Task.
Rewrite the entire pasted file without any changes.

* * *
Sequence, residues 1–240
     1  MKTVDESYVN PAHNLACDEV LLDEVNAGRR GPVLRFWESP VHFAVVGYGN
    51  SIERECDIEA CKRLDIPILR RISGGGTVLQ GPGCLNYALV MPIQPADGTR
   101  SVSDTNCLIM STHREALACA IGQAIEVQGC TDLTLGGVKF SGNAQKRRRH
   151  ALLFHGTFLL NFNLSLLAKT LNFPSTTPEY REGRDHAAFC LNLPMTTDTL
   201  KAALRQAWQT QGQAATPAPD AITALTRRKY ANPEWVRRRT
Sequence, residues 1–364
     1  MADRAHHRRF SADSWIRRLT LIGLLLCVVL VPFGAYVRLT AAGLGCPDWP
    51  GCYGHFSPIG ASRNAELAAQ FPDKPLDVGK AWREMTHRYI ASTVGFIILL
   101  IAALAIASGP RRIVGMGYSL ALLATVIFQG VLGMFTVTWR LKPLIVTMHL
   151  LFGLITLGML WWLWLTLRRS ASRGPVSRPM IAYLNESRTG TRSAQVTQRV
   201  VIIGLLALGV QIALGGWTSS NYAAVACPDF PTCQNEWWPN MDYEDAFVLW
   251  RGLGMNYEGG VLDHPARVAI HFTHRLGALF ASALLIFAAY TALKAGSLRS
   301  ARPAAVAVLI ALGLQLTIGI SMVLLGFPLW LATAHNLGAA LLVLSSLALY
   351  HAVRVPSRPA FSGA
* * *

Sequence, residues 1–240
     1  MKTVDESYVN PAHNLACDEV LLDEVNAGRR GPVLRFWESP VHFAVVGYGN
    51  SIERECDIEA CKRLDIPILR RISGGGTVLQ GPGCLNYALV MPIQPADGTR
   101  SVSDTNCLIM STHREALACA IGQAIEVQGC TDLTLGGVKF SGNAQKRRRH
   151  ALLFHGTFLL NFNLSLLAKT LNFPSTTPEY REGRDHAAFC LNLPMTTDTL
   201  KAALRQAWQT QGQAATPAPD AITALTRRKY ANPEWVRRRT
Sequence, residues 1–364
     1  MADRAHHRRF SADSWIRRLT LIGLLLCVVL VPFGAYVRLT AAGLGCPDWP
    51  GCYGHFSPIG ASRNAELAAQ FPDKPLDVGK AWREMTHRYI ASTVGFIILL
   101  IAALAIASGP RRIVGMGYSL ALLATVIFQG VLGMFTVTWR LKPLIVTMHL
   151  LFGLITLGML WWLWLTLRRS ASRGPVSRPM IAYLNESRTG TRSAQVTQRV
   201  VIIGLLALGV QIALGGWTSS NYAAVACPDF PTCQNEWWPN MDYEDAFVLW
   251  RGLGMNYEGG VLDHPARVAI HFTHRLGALF ASALLIFAAY TALKAGSLRS
   301  ARPAAVAVLI ALGLQLTIGI SMVLLGFPLW LATAHNLGAA LLVLSSLALY
   351  HAVRVPSRPA FSGA